The International Paralympic Committee, who govern the Paralympic Games have just issued their own statement saying that they will not only meet with Pistorius, but that the immediate aftermath of the Paralympics is as good a time as any to revisit the rule book…
I have read some absolutely fantastic analysis of both sides of the argument. Here Channel 4 News FactCheck examine the evidence and their verdict is that Pistorious shouldn’t complain. Then I looked at *whispers* *hides face* this Daily Mail piece who point out that Oliveira did decide to change his blades to longer ones in the last 3 weeks, and that while these remain legal under the existing rules, last night he ran under 22 seconds (21.45 sec) for the first time competitively, on these new blades that boost his racing height by 5 cm. Coincidence?
The longer blades do cause athletes to have a slower start, Oliveira was left standing when the gun went off last night and was racing well in arrears, but down the straight the longer blades store more elastic energy allowing the athlete to maintain speed whilst using less energy than someone on shorter ones, like Pistorius. This is basically what we saw last night, but we also saw an optical illusion which someone who watches horse racing regularly will recognise – that of an athlete (or horse), out front, coming back to the field. In high class races, where everyone is performing to their optimum ability, this slight slowing in front is entirely imperceptible, you can only see the others appearing to accelerate. In these instances, only fractional times can tell the whole story. There aren’t many fractional times for a 200m sprint, but it is reported that Pistorius ran a much quicker first 100m than the second 100m. For Oliveira, with the slow start, it was the reverse.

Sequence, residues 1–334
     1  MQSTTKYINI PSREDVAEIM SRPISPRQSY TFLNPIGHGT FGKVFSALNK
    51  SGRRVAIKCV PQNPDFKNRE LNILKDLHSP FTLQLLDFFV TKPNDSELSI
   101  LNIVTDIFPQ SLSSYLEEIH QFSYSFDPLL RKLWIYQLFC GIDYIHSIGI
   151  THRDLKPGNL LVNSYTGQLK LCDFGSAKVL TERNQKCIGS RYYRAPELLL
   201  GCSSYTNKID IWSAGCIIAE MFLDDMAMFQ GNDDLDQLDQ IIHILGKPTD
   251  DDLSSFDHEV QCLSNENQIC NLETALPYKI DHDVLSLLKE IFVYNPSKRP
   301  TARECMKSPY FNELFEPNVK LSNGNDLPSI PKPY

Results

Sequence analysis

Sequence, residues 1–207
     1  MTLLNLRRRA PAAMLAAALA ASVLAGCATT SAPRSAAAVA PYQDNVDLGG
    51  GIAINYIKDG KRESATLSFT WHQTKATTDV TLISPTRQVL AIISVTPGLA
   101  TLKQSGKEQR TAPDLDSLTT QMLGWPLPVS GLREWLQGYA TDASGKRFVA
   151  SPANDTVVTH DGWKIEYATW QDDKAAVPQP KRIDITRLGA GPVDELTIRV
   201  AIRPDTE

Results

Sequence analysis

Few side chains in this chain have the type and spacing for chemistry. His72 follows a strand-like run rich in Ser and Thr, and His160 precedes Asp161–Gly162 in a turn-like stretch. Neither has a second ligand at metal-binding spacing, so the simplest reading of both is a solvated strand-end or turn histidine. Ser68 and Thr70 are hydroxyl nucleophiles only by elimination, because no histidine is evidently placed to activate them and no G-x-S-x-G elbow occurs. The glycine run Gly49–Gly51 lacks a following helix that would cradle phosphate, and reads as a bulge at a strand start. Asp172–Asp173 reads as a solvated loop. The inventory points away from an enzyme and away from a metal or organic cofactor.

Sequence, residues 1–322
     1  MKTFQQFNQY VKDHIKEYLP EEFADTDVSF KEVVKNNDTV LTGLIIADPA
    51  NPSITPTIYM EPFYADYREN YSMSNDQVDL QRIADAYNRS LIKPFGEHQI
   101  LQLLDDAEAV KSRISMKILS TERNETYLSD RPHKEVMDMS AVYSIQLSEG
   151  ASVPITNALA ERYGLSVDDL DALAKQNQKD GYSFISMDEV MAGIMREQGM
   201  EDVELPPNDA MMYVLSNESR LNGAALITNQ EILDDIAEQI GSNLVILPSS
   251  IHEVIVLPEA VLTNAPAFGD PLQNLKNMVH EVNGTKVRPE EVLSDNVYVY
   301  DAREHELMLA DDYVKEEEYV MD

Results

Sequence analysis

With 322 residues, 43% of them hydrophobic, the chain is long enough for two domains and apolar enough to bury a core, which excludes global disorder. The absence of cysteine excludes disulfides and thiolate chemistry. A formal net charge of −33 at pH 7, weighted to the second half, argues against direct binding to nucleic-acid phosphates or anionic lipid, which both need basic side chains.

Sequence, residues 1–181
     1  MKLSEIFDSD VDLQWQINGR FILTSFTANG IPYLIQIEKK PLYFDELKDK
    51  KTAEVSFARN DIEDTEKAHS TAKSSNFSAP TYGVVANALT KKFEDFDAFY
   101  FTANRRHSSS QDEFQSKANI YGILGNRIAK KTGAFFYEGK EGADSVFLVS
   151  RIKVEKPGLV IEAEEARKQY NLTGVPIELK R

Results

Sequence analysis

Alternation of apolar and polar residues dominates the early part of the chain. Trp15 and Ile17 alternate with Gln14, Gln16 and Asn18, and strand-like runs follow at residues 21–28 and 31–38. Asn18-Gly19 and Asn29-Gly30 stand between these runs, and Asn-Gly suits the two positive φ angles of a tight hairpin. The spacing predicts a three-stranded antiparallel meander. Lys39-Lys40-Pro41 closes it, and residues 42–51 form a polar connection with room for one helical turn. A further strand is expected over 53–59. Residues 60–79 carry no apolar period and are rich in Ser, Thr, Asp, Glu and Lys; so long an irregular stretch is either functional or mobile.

This is probably because the longer blades do give you an advantage in the straight, but this offset by running more slowly at the start and whilst runnning the bend. It’s down to the athlete which tactics they want to employ. Oliveira and his team, by switching to the longer blades only three weeks ago, took a gamble. It paid off, just. Pistorius’s gamble was running a very fast half of the race, he then paid for attacking the first 100m by having to slow down a bit in the closing stages. His gamble did not pay off, but again, it was so close. This would have only made it worse from his point of view.